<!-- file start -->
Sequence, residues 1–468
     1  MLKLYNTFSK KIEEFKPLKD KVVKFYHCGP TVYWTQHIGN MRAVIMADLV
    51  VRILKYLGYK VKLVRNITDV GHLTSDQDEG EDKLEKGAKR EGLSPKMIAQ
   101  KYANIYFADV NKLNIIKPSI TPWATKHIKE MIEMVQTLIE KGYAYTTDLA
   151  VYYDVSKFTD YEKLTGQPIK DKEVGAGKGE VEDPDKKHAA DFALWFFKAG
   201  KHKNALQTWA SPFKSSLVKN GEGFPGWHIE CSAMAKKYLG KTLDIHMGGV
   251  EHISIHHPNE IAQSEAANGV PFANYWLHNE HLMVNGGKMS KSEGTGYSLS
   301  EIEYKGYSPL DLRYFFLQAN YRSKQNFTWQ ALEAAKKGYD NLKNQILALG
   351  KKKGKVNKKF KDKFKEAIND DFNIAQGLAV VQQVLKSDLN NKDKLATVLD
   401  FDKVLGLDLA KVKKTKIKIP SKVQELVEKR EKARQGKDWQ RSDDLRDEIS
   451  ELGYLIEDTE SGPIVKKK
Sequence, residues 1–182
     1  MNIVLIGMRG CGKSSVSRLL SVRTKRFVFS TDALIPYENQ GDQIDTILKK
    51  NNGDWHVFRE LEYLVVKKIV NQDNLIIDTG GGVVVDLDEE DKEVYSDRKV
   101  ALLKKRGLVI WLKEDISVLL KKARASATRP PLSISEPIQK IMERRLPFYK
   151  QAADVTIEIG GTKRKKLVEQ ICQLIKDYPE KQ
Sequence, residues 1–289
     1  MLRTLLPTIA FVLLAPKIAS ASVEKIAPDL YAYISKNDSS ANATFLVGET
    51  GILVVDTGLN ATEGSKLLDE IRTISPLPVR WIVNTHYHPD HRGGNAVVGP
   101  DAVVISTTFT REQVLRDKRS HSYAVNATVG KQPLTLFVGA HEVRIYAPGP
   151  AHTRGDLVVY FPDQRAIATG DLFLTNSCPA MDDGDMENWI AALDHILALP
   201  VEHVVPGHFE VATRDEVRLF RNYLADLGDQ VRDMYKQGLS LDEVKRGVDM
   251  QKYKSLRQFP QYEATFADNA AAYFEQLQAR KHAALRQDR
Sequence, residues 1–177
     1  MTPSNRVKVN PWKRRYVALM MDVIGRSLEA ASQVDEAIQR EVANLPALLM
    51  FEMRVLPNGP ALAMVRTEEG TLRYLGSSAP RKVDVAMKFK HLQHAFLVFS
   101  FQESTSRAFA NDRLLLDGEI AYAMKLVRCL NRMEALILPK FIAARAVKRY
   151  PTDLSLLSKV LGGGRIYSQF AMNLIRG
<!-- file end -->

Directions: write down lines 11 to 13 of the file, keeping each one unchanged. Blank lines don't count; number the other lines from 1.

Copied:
   451  ELGYLIEDTE SGPIVKKK
Sequence, residues 1–182
     1  MNIVLIGMRG CGKSSVSRLL SVRTKRFVFS TDALIPYENQ GDQIDTILKK